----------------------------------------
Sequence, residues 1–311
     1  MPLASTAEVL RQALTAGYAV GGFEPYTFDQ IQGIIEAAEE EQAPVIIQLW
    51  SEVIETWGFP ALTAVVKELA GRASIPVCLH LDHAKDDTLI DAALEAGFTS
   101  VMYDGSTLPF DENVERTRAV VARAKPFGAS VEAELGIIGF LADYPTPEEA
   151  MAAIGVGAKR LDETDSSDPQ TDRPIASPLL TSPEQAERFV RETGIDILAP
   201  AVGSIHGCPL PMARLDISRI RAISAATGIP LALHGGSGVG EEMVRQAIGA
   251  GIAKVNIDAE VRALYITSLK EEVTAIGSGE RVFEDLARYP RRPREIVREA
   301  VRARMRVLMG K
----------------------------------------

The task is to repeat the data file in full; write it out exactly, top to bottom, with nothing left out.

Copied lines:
Sequence, residues 1–311
     1  MPLASTAEVL RQALTAGYAV GGFEPYTFDQ IQGIIEAAEE EQAPVIIQLW
    51  SEVIETWGFP ALTAVVKELA GRASIPVCLH LDHAKDDTLI DAALEAGFTS
   101  VMYDGSTLPF DENVERTRAV VARAKPFGAS VEAELGIIGF LADYPTPEEA
   151  MAAIGVGAKR LDETDSSDPQ TDRPIASPLL TSPEQAERFV RETGIDILAP
   201  AVGSIHGCPL PMARLDISRI RAISAATGIP LALHGGSGVG EEMVRQAIGA
   251  GIAKVNIDAE VRALYITSLK EEVTAIGSGE RVFEDLARYP RRPREIVREA
   301  VRARMRVLMG K